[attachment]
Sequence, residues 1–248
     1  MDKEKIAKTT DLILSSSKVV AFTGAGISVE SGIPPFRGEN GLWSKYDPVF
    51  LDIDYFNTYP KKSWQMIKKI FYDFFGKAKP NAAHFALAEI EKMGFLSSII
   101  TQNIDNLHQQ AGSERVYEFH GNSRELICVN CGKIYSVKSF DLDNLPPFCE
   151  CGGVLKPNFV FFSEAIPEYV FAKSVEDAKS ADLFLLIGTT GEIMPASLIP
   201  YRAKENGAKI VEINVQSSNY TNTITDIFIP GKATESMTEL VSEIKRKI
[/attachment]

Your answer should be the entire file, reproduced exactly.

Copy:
Sequence, residues 1–248
     1  MDKEKIAKTT DLILSSSKVV AFTGAGISVE SGIPPFRGEN GLWSKYDPVF
    51  LDIDYFNTYP KKSWQMIKKI FYDFFGKAKP NAAHFALAEI EKMGFLSSII
   101  TQNIDNLHQQ AGSERVYEFH GNSRELICVN CGKIYSVKSF DLDNLPPFCE
   151  CGGVLKPNFV FFSEAIPEYV FAKSVEDAKS ADLFLLIGTT GEIMPASLIP
   201  YRAKENGAKI VEINVQSSNY TNTITDIFIP GKATESMTEL VSEIKRKI